I’ve been on top of the world, and the world has been on top of me. I have learned to enjoy the perspective from each view, and use opportunities to persistently acquire knowledge, and enjoy the company of those around me, especially loved ones, family, and friends.At heart, I am a market historian with an unrivaled passion for the capital markets. I have had a long history and specialization with concentrated positions and options trading. Made money in 2008 with a net long portfolio, deploying capital in some of the market's darkest hours into long positions including purchases of American Express, Atlas Energy, Crosstex, First Industrial Real Estate, General Growth Properties, Genworth, Macquarie Infrastructure, Ruth Chris Steakhouse, and Vornado near their lows. Shorting, hedging, and option strategies also helped me in 2007 and 2009, and these are skills that I have developed ever since I started trading heavily in 1996.I enjoy reading, accumulating knowledge, and putting this knowledge to work in the active capital markets, learning lessons along the way.To this day, I continue to learn, and some of these learning lessons have been excruciatingly difficult ones, especially over the past several years, as I made mistakes allocating capital, including a sizable portion of my own capital (I always invest alongside my clients), to commodity related stocks. While all commodity related stocks have struggled since April of 2011, coal companies, which attracted me due to their extremely cheap valuations, and out-of-favor status (I am a strong believer in behavioral finance alongside fundamentals and technicals) have been the worst investing mistake of my career. The focus on the commodity arena has been the biggest mistake of my investment career thus far, yet in its aftermath, I see tremendous opportunity, even larger in scope than the fortuitous 2008/2009 environment.The capital that I accumulated and the confidence gained in navigating the treacherous investment waters of 2008 gave me the confidence to launch my own investment firm in the spring of 2009, right before the ultimate lows in the stock market. At the time I was working as a senior analyst at one of the largest RIA's in the country, and I felt strongly that the market environment was the best time since 1974/1975 to start an investment firm.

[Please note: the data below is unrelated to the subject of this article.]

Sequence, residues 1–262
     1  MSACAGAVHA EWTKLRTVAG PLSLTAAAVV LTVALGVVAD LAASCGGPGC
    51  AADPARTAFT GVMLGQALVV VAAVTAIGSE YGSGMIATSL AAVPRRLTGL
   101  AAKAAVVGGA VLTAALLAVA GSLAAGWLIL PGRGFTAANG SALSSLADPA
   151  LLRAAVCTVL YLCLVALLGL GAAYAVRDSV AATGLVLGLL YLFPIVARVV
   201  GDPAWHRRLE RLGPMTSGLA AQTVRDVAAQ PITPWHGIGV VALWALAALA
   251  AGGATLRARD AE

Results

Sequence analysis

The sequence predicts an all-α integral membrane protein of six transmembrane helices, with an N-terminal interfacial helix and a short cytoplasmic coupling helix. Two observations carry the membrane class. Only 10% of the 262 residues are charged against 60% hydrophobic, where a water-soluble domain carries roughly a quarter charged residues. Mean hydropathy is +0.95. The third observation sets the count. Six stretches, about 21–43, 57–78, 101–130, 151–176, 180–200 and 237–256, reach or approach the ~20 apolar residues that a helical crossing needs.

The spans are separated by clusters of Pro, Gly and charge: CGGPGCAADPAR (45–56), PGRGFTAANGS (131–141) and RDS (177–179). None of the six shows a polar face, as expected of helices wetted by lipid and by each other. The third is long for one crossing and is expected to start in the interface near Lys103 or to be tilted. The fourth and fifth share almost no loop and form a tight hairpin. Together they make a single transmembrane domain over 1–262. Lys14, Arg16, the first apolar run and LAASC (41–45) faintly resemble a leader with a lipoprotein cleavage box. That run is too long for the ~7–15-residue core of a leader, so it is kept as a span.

Disclosure: I/we have a beneficial long position in the shares of HCC, BTU, BHP, AND SHORT SPY IN A LONG/SHORT PORTFOLIO either through stock ownership, options, or other derivatives. I wrote this article myself, and it expresses my own opinions. I am not receiving compensation for it (other than from Seeking Alpha). I have no business relationship with any company whose stock is mentioned in this article.
Additional disclosure: Every investor's situation is different. Positions can change at any time without warning. Please do your own due diligence and consult with your financial advisor, if you have one, before making any investment decisions. The author is not acting in an investment adviser capacity. The author's opinions expressed herein address only select aspects of potential investment in securities of the companies mentioned and cannot be a substitute for comprehensive investment analysis. The author recommends that potential and existing investors conduct thorough investment research of their own, including a detailed review of the companies' SEC filings. Any opinions or estimates constitute the author's best judgment as of the date of publication and are subject to change without notice.